We confirmed the expression of OAT1, OCT2, or OAT3 in RPTEC/TERT1 by RT-PCR. The expression of OAT1 or OCT2 was verified by western blot. In addition, immunofluorescence revealed that the cells were positive for membrane-localized OAT1, OCT2, or OAT3 (Figure 2). Further, the clonal OAT1, OCT2, or OAT3 cells retain important characteristics of the parental counterpart RPTEC/TERT1 cell; dome formation and normal expression of CD13 and E-cadherin were observed in OAT1, OCT2, and OAT3 positive clones (Figure 3).
Next, we tested the ability of OAT1- and OAT3-expressing clones to uptake 6-CF, a known substrate of OAT1 and OAT3. We observed significant uptake ratios relative to the parental cells. Further, the uptake activity of OAT1- and OAT3-expressing clones was observed to be dose dependent (Figure 4). Similarly, we tested OCT2-expressing cells to uptake EAM-1, a known substrate of OCT2. As in the OAT1- and OAT3-expressing cells, we observed significant, concentration-dependent uptake ratios in OCT2-expressing cells relative to the parental cells (Figure 4).
We then tested the ability of various organic ion transporter inhibitors to block substrate transport into OAT1, OCT2, and OAT3-expressing cells. We observed that the compounds probenecid and novobiocin were able to block 6-CF (Probenecid: IC50=16.91 μM; novobiocin: IC50=59.17 μM) transport into RPTEC/TERT1-OAT1 (Figure 5). Similarly, probenecid and novobiocin blocked 6-CF (Probenecid: IC50=49.02 μM; novobiocin: IC50=70.90 μM) uptake into RPTEC/TERT1-OAT3 (Figure 5). In the same regard, the compounds cimentidine and quintinin were able to block EAM-1 (Cimentidine: IC50=93.5 μM; quintinin: IC50=59.5 μM) entry into RPTEC/TERT1-OCT2 (Figure 5). The IC50 values that were observed in these experiments were similar to those reported in other competitive inhibition studies using the test compounds.4-8
Over the course of this project we generated and tested three new hTERT-immortalized, renal SLC protein models. The new cell models displayed: appropriate transporter protein expression and localization; key proximal tubule cell biologies; and potent and specific transporter activity. Thus these new SLC protein-expressing cell models are robust tools for toxicological testing.
Figure 2. Characterization of the RPTEC/TERT1 SLC transporter cells. RT-PCR data demonstrates the presence of (A) OAT1, (B) OCT2, or (C) OAT3 mRNA in the respective cell lines. Immunoblot demonstrates the presence of (D) OAT1 and (E) OCT2 protein expression in the respective cell lines. Immunofluorescence demonstrates expression and plasma membrane localization (F) OAT1, (G) OCT2, or (H) OAT3, in the respective cell lines, but not the parental line. Original magnification, x20.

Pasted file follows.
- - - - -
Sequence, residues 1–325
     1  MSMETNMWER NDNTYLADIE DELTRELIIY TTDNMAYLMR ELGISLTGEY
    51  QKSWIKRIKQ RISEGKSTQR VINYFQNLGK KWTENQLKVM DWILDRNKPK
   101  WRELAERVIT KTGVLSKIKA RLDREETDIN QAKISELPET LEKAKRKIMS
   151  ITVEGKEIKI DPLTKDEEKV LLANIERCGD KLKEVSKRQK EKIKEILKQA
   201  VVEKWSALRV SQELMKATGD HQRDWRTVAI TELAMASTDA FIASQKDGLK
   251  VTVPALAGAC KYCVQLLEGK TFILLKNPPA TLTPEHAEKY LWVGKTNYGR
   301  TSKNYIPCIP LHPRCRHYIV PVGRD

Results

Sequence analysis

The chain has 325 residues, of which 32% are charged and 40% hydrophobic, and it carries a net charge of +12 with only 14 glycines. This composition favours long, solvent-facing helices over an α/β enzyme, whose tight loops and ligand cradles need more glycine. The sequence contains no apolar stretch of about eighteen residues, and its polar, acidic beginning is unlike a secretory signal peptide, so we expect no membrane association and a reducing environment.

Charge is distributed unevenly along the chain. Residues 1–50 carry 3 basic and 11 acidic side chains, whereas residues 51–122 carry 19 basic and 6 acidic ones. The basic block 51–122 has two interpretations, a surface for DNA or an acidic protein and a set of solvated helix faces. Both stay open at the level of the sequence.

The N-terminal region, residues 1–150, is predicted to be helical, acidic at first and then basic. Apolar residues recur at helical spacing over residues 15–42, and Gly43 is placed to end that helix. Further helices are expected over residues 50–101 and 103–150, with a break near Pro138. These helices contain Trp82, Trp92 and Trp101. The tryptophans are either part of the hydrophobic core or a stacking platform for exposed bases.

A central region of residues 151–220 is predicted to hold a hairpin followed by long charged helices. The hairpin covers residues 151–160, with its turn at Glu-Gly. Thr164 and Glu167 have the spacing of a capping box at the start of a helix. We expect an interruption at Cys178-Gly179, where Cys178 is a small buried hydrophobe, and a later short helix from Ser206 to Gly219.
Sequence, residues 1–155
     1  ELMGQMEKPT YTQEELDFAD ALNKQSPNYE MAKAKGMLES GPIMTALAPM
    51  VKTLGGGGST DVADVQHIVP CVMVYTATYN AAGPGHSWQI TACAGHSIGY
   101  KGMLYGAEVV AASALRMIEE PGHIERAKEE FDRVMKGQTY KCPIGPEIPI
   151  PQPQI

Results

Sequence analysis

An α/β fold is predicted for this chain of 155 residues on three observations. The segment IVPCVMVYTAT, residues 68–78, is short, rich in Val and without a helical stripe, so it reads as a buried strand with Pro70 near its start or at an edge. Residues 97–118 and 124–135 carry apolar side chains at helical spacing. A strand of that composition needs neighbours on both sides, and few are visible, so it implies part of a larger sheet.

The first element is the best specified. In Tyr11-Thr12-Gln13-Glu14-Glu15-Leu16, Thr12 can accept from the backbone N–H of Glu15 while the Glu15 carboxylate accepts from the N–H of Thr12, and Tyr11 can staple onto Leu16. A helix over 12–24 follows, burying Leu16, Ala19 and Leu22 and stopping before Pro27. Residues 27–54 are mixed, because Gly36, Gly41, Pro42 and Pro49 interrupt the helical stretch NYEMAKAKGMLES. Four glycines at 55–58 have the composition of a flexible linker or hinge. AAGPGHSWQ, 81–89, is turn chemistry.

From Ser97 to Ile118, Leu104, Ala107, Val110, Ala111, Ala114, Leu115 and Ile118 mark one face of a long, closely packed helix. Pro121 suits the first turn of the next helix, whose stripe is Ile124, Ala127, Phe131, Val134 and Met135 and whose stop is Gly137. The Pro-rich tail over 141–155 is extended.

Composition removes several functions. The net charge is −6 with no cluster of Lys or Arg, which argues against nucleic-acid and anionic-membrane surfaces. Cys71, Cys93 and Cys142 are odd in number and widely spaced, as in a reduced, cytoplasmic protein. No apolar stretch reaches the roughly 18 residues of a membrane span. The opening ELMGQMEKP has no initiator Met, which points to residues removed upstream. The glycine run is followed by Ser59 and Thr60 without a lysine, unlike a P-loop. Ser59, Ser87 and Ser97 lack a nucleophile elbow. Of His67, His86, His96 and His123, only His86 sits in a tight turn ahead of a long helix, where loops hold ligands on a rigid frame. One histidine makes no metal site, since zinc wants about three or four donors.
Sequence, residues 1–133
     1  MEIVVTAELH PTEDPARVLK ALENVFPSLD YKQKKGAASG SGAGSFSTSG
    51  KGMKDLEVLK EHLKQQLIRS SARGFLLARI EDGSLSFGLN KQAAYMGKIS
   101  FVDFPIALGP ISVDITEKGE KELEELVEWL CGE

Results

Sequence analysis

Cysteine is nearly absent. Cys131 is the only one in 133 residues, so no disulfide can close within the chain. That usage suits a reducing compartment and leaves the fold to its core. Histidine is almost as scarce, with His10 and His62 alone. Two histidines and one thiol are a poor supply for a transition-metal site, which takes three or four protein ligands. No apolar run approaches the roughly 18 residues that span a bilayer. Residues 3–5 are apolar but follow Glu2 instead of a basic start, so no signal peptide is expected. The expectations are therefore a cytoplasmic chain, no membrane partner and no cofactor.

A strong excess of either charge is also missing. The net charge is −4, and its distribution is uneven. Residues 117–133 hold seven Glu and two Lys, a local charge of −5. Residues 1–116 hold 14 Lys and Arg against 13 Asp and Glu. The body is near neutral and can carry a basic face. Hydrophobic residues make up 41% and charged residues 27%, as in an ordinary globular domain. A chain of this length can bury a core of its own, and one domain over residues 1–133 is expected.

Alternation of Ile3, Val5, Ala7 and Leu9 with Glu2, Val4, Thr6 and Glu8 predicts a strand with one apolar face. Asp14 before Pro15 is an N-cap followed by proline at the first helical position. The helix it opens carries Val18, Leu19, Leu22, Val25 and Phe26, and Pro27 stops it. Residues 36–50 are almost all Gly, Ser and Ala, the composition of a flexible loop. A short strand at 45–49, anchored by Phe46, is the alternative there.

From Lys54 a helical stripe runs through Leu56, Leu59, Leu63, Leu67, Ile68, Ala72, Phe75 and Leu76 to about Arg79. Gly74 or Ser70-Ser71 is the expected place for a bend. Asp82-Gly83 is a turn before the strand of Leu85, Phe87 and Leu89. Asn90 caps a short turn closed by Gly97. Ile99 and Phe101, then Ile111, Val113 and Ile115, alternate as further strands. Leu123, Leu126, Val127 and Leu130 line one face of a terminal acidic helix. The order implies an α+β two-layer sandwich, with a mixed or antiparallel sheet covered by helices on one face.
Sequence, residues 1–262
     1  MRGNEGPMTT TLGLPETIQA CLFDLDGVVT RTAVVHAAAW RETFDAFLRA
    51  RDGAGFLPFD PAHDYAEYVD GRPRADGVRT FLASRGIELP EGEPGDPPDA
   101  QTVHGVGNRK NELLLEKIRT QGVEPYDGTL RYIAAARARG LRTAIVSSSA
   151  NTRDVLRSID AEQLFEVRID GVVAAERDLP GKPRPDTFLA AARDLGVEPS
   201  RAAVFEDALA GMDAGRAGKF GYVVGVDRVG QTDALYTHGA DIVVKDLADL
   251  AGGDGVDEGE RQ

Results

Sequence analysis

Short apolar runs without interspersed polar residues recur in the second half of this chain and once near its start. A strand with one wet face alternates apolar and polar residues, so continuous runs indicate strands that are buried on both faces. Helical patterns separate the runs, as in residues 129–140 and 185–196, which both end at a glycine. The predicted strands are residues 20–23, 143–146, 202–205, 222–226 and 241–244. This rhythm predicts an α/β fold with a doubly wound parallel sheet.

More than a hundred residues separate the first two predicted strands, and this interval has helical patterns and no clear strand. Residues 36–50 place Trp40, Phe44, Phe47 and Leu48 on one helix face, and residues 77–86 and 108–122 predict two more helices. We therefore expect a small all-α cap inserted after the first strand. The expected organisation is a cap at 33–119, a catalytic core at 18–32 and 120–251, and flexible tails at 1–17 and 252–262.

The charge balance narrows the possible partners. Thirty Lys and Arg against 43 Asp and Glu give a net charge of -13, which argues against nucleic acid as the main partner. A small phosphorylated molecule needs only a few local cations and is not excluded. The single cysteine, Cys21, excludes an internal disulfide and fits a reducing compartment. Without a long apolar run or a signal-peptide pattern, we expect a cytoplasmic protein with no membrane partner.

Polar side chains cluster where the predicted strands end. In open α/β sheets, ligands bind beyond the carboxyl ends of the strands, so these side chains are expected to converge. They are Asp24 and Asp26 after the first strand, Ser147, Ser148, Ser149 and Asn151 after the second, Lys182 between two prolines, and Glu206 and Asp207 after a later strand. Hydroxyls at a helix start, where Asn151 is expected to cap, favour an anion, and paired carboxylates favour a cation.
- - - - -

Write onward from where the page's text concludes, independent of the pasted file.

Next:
Figure 3. The RPTEC/TERT1 transporter cells retain the most important characteristics of the parental cells. RPTEC/TERT1 SLC transporter cells were subjected to immunostaining and dome formation assays. (A) OAT1, OCT2, and OAT3 clones display the same renal epithelial growth pattern as parental RPTEC/TERT1 cells. (B) The renal epithelial markers CD13 and E-cadherin are expressed in both parental RPTEC/TERT1 cells
and in the OAT1, OCT2, and OAT3 lines. (C) Dome formation is not compromised in OAT1-, OCT2-, and OAT3- expressing cells, as demonstrated by the formation of dome-like structures (arrows) caused by solute transport across an intact epithelial barrier.
Figure 4. SLC transporter-expressing cells display potent substrate uptake activity. Solute uptake activity of (A) OAT1- and (C) OAT3-expressing cells was assessed using 6-CF as a substrate. Solute uptake activity of (B) OCT-2 was assessed using EAM-1 as a substrate. As expected, uptake increases with increasing substrate concentration in solute transporter-expressing cells but not in parental RPTEC/TERT1 cells (n=3; error bars indicate standard deviation), indicating that the observed transport is due to OAT1, OCT2, or OAT3 expression.
Figure 5. SLC transporter-expressing cells demonstrate highly specific uptake activities. OAT1-expressing cells were exposed to increasing concentrations of the known OAT inhibitors (A) probenecid and (B) novobiocin while 6-CF concentration and uptake time were held constant at 3 μM and 20 minutes, respectively. OCT2-expressing cells were exposed to increasing concentrations of the known OCT2 inhibitors (C) cimetidine and (D) quinitin while EAM-1 concentration and uptake time were held constant at 5 μM and 20 minutes, respectively. OAT3-expressing cells were exposed to increasing concentrations of the known OAT inhibitors (E) probenecid and (F) novobicin while 6-CF concentration and uptake time were held constant at 3 μM and 20 minutes, respectively. The resulting inhibition curves indicate that OAT1, OCT2, and OAT3 transport activity was substrate specific when overexpressed in RPTEC/TERT1 cells (n=3; error bars indicate standard deviation).